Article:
SPARE CHANGE: I don’t know that I qualify as a miracle of modern science, but I’m sufficiently improbable — statistically speaking — that someone could get a grant to study me. That’s because since moving to Santa Barbara on April Fool’s Day many light years ago, I have yet to be aggressively panhandled. Not even once. Sure, I’ve been hit up for spare change, but invariably to the dulcet tones of “God Bless You,” or “Have a Nice Day.” I remain mystified by my apparent immunity in the face of so obvious an epidemic. I’m not big. I’m hardly forbidding. I do, however, wear a fanny pack. It’s an essential part of my wardrobe as a dorky, middle-aged, white-male, urban bicycle commuter. I don’t pretend to know how this wards off the aggro and obnoxious, just that it does. The good news, at least according to TIME magazine, is that the fanny pack is poised on the precipice of making a big fashion comeback. Only this time, they’ll call it the “Lumbar Pack” or “Messenger Bag.”
While I may be both color-blind and tone-deaf where aggressive panhandling is concerned, not everyone is so happily afflicted. Based on the gnashing of teeth and rending of flesh the issue elicits, I can only deduce that Santa Barbara is currently engulfed by a tsunami of overly assertive requests for unearned income by wayfaring individuals disinclined —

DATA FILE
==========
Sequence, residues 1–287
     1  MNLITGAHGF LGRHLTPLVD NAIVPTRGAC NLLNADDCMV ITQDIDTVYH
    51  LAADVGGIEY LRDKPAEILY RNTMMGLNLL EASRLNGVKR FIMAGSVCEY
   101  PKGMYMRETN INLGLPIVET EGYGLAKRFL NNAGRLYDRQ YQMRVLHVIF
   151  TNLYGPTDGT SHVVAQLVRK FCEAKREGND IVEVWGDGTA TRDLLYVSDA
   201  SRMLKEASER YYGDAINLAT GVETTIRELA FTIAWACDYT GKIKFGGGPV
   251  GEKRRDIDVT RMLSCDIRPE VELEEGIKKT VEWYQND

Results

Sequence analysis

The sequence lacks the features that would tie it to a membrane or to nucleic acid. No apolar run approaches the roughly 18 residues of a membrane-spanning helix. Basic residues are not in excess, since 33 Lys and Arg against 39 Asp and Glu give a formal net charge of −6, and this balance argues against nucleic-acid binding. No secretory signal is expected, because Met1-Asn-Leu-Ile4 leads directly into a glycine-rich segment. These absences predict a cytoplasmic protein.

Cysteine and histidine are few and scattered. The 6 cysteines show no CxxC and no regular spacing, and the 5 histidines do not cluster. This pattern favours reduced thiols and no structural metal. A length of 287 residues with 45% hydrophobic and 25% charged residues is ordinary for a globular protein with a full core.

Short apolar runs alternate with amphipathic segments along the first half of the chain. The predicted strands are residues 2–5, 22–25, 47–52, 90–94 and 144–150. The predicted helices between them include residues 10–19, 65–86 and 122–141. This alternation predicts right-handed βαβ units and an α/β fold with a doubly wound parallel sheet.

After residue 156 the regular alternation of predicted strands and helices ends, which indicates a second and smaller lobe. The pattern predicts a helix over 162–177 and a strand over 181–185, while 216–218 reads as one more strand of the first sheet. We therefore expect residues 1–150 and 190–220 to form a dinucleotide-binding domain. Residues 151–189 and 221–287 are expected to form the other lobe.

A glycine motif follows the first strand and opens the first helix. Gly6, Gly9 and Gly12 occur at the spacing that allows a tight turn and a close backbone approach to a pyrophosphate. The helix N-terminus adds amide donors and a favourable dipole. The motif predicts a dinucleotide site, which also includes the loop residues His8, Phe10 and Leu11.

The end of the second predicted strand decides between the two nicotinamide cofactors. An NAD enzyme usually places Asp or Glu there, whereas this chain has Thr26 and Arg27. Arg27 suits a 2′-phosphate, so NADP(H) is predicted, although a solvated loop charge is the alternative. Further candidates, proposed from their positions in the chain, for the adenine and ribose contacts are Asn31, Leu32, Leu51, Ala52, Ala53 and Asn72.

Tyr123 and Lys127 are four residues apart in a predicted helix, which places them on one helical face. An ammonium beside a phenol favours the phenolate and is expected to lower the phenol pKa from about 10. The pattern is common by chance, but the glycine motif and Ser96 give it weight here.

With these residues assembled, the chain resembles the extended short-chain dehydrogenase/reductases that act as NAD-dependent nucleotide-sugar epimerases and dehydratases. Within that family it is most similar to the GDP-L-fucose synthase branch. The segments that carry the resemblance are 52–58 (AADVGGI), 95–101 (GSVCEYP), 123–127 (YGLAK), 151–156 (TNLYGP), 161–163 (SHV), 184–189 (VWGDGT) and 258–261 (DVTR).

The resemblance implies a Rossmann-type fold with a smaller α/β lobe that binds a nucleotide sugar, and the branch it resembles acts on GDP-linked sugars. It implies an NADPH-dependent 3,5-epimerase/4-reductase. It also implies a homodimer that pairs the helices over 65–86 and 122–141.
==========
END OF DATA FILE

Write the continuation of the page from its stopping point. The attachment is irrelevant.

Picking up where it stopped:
despite theatrical assertions to the contrary — to work for food or anything else. According to the hotel owners, people from all over the country are lining up by the thousands not to come to Santa Barbara. According to business associations, these same people — once they don’t get here — are making a beeline away from State Street because they don’t wish to be accosted by street bums with a hyperactive sense of personal entitlement.